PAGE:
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Tiny Tastes - Part 2

May 24, 2016

 

Last week I posted a ‘how to’ blog on Tiny Tastes outlining my take of this very effective way of getting children to try new foods. Tiny Tastes should be a simple, fun way of enabling children to be more adventurous however it it's worth being very clear about what you're doing. In this second part of the Tiny Tastes blog I'll look at a some of the hiccups you might encounter alongside some of the questions most commonly asked by parents.

 

Potential hiccups and how to put them right....

 

Hiccup: Asking a child repeatedly to do the Tiny Taste or trying to coax or cajole. Instead leave trying again until the next day. The less attention you’ve paid to reluctance the more likely children are to be keen on the second day.

Hiccup: Starting with a Tiny Taste food that is very smelly or strong in taste: It is better to start with something relatively uncontroversial and familiar until a child is more confident with tasting.

Hiccup: Letting more than a day go between Tiny Tastes so that phobic avoidance builds up again. Make sure you do a Tiny Taste for a particular food each day or at least every other day for the first three or four tastes then you can spread them out slightly. Aim to be as consistent and routine about the taste.

Hiccup: Talking too much about Tiny Tastes. Try not to prime your child too much. Simply set the Tiny Taste up at a neutral time away from mealtime, be very engaged and positive about the taste, give the sticker then turn your attention to something else.

Hiccup: Insisting a child swallows the TinyTaste. Some children initially just lick a food or put it in their mouth then spit it out. This is fine and not a problem. They'll get the hang of it so praise, praise, praise and of course remember the sticker reward!

 

 

Common questions….

 

My child has just refused to do Tiny Tastes point blank. Is there another way?

If you have tried the ‘oh that’s fine’ and then tried again on a few other occasions - don’t worry - there are many other ways. The key aspects of this process are the tiny size of the taste required and the frequency. Some people feel that setting up a separate toy table away from meals with another adult is just too much effort. If this is the case I advise them to try the Tiny Taste at mealtimes. As with the original procedure, use a small plate separate from the child’s food, emphasise the sticker and try and have someone model ‘tasting’ before you ask your child to try. Then repeat daily until they are relaxed when trying it.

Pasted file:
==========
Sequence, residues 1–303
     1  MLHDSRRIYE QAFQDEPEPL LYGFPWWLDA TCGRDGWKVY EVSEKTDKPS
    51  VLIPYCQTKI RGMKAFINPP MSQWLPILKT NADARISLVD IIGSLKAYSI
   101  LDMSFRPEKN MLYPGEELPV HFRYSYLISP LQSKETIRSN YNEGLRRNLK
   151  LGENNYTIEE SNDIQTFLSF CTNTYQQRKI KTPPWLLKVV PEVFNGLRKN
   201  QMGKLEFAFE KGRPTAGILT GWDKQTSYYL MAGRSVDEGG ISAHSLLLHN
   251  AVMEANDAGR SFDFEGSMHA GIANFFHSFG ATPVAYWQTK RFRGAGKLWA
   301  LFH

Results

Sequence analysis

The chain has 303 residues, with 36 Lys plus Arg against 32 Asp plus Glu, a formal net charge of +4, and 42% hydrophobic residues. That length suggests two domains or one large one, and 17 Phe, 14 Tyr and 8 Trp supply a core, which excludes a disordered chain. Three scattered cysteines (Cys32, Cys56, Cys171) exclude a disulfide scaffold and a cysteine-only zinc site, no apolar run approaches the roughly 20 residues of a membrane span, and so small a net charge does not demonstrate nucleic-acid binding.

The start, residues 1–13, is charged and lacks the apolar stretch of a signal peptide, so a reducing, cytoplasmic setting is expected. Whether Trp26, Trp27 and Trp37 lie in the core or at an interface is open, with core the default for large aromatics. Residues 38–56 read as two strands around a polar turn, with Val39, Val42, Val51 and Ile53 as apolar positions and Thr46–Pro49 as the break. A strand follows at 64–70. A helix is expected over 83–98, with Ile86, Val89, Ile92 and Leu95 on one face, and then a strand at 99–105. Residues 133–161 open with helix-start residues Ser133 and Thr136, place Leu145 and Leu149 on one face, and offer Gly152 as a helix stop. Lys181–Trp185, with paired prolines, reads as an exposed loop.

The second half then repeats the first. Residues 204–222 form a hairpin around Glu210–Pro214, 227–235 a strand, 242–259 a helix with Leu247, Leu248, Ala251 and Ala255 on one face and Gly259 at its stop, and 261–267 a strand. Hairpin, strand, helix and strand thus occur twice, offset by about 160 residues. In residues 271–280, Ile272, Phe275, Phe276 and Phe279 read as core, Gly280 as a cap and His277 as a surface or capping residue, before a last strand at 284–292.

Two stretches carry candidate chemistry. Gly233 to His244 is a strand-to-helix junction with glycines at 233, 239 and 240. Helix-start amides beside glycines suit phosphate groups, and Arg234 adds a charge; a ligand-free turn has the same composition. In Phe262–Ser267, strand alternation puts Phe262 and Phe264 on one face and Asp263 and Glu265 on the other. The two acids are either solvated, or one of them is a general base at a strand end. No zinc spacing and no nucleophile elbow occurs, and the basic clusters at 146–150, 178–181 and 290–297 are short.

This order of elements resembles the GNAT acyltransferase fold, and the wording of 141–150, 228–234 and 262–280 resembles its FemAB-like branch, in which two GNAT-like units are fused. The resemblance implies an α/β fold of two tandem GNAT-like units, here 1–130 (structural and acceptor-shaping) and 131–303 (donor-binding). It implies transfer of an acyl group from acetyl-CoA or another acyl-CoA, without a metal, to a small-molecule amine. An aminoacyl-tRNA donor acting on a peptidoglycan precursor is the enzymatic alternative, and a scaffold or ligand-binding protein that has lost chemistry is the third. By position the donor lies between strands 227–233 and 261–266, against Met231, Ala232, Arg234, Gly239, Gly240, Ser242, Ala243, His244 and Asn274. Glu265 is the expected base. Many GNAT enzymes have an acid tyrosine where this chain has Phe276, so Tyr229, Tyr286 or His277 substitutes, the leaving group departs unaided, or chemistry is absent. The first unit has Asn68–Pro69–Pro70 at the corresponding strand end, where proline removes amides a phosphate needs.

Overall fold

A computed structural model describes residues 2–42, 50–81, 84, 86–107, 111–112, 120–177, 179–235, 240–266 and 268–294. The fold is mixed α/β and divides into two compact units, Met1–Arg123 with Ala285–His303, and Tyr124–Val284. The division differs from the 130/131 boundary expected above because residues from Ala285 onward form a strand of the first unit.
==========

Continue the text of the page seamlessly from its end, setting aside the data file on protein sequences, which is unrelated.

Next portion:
My daughter is not interested in stickers. How might I reward her without making the rewards too big?

The basic rule is not to use food as a reward (although plate A / plate B is a slightly different situation). It is best to keep to something like stickers. Children who are snooty about simple stickers are often much more excited about the type of stickers which can be stuck into a collection book with a theme (so Spiderman sticker book that you have to try and collect all the stickers for). Normally a very annoying waste of money but in these situations they work a treat.

 

My child has done 14 tastes and is now relaxed around sausage. The only problem is he still says he does not like it and prefers other foods.

It is fine for your child not to like a particular food. What we want is for them to have a choice and not to experience a phobic reaction.  Explain to your child that the Tiny Taste will mean that he will find it easy to have it on the plate and choose not to eat it without feeling upset. I would keep dishing out sausage as part of a bigger family meal with the understanding that he is free to leave it.

 

Could doing Tiny Tastes with children lead to a cycle of parental over involvement in feeding / pressure on a child to eat?

The vast majority of professionals working with children are very positive about Tiny Tastes. However recently I read someone who (in passing) criticised it as an intervention. They felt that it might create an environment where parents are pressing children to eat / overriding children’s appetite regulation.  I think this criticism is unwarranted for a number of reasons:

  • Tiny Tastes is not aimed at encouraging children to override their appetite. Children are introduced to a very tiny amount of a food (equal to a grain of rice or less). Tiny Tastes has very little to do with satisfying hunger or overeating. It is to do with exploration and gaining confidence around specific foods.

  • Done properly there should be no pressure from a parent (although there is light and gentle encouragement and all round enthusiasm for tasting!). 

How do I move forward after Tiny Tastes…

After you’ve done one of two different foods with Tiny Tastes children normally get the hang of tasting food. Keep to tiny amounts and gradual exposure but now you can do it at the table without the game (although at some points you might want to suggest a non food reward for a new food that they are really not keen on).

 

Have you tried Tiny Tastes / Are you thinking of trying? I’m very keen to get people’s comments on this process. If you’ve had any experiences with Tiny Tastes or if you’re trying it for the first time please leave comments/ tips / questions.

 

 

If you find these ideas interesting and would like to know more then why not contact me for a consultation or sign up for my newsletter.

 

 

 

 

 

 

 

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